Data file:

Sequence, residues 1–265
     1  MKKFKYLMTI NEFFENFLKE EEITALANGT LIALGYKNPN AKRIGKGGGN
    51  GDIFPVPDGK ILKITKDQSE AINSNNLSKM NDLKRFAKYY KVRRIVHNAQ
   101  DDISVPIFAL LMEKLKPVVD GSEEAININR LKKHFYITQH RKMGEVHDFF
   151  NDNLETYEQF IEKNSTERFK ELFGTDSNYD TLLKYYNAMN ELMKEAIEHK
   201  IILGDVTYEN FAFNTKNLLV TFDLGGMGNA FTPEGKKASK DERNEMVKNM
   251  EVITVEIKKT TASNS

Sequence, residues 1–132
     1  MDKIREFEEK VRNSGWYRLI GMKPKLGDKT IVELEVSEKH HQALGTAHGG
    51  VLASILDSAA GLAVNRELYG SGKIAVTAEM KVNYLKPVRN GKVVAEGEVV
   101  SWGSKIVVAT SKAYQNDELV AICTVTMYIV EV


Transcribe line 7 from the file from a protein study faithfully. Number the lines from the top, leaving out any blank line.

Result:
   251  EVITVEIKKT TASNS